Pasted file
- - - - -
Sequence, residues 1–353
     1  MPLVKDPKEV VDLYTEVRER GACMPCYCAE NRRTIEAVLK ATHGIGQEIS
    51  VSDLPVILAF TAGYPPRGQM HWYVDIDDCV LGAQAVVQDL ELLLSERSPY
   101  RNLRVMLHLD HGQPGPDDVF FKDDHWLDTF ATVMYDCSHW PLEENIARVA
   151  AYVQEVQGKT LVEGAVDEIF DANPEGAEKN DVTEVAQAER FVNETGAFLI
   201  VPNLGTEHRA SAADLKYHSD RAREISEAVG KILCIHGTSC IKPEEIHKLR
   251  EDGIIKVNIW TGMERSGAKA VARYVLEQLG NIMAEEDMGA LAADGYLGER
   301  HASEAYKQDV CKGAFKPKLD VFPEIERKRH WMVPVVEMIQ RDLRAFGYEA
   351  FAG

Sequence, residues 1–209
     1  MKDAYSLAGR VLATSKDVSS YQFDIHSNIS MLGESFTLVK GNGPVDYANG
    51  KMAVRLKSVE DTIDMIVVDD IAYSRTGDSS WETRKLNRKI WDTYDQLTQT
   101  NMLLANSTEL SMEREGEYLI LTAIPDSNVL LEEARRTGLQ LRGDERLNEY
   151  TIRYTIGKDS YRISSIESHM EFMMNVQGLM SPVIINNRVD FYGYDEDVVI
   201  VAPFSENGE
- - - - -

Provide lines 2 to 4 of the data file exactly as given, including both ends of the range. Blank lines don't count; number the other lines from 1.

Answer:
     1  MPLVKDPKEV VDLYTEVRER GACMPCYCAE NRRTIEAVLK ATHGIGQEIS
    51  VSDLPVILAF TAGYPPRGQM HWYVDIDDCV LGAQAVVQDL ELLLSERSPY
   101  RNLRVMLHLD HGQPGPDDVF FKDDHWLDTF ATVMYDCSHW PLEENIARVA